dedicated funds

courtesy: lapolitics.com

With the current trio of constitutional amendments on the ballot, voters are being asked to prohibit some taxes and lock away the proceeds of others. But doesn’t that contradict what we’ve been hearing from many state lawmakers?


Sue LIncoln

Nearly all of us are familiar with the image from “The Wizard of Oz” that accompanies the line, “Pay no attention to that man behind the curtain.” Yet for the past several days, House Republicans have been publicly pulling the curtain back on the dysfunctional aspects of this session.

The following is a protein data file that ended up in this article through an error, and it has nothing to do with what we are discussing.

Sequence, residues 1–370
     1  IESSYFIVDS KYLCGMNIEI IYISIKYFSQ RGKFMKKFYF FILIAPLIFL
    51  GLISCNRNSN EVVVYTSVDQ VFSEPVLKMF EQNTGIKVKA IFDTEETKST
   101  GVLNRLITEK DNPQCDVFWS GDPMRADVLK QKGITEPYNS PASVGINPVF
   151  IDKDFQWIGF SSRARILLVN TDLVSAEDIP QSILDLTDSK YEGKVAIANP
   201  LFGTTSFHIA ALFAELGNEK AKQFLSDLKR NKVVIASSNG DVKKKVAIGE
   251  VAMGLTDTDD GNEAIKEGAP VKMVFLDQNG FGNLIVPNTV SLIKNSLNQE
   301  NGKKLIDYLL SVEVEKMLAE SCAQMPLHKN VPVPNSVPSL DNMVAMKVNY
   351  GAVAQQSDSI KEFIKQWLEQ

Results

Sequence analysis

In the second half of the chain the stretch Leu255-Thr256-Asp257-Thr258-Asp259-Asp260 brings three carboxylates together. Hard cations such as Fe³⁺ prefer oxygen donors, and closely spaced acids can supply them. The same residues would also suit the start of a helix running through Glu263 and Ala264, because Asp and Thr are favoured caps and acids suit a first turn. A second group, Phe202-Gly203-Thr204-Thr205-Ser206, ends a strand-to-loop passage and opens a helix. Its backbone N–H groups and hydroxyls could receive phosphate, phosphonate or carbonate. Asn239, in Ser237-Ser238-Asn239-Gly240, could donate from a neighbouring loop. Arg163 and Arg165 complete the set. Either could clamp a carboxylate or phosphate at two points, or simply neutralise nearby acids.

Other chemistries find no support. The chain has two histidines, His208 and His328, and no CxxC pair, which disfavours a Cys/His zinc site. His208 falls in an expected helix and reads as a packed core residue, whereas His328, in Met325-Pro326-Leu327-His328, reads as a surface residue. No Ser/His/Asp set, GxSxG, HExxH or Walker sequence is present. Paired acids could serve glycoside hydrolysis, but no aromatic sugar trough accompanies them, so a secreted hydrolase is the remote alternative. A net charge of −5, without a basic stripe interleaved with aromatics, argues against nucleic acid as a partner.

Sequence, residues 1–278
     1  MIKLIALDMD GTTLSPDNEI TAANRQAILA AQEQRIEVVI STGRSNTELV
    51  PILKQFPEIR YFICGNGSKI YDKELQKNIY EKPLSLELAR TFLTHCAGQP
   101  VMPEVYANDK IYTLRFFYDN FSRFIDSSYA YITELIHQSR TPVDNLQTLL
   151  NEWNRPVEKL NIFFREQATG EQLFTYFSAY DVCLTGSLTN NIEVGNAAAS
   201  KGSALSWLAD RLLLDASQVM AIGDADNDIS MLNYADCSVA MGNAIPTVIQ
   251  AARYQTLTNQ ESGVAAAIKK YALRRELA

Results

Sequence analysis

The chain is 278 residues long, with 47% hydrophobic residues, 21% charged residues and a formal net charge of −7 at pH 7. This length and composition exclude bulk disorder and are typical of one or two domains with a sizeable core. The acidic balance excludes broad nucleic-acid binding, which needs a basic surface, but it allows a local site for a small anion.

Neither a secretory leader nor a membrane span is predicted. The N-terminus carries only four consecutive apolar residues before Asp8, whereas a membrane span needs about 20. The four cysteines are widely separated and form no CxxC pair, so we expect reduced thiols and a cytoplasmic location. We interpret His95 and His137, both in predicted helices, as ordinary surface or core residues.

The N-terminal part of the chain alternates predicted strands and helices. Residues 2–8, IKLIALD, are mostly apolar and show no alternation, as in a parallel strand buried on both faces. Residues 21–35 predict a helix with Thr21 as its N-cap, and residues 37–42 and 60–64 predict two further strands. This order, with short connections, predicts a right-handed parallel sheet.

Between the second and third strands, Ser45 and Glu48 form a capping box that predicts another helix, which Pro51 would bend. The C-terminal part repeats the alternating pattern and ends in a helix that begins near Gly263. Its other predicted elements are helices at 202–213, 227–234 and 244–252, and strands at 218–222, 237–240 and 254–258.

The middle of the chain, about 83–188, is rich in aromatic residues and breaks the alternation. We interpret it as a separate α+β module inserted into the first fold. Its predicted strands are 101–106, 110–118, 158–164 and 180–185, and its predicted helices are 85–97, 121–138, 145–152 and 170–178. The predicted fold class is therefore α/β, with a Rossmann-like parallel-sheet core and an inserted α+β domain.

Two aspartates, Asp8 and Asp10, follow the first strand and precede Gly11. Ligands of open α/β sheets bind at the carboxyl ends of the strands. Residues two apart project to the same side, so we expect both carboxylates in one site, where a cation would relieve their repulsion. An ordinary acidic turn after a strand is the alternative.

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“What we constantly are hearing is ‘Our hands are tied because we have dedicated funds in the constitution’,” Baton Rouge Representative Franklin Foil reminded the House Appropriations Committee Monday.

But the question of whether to dedicate or undedicate state funds may ultimately be left to voters, as state lawmakers are moving forward with constitutional amendments proposing to tie up more money, as well as one to unlock funds that are currently off limits.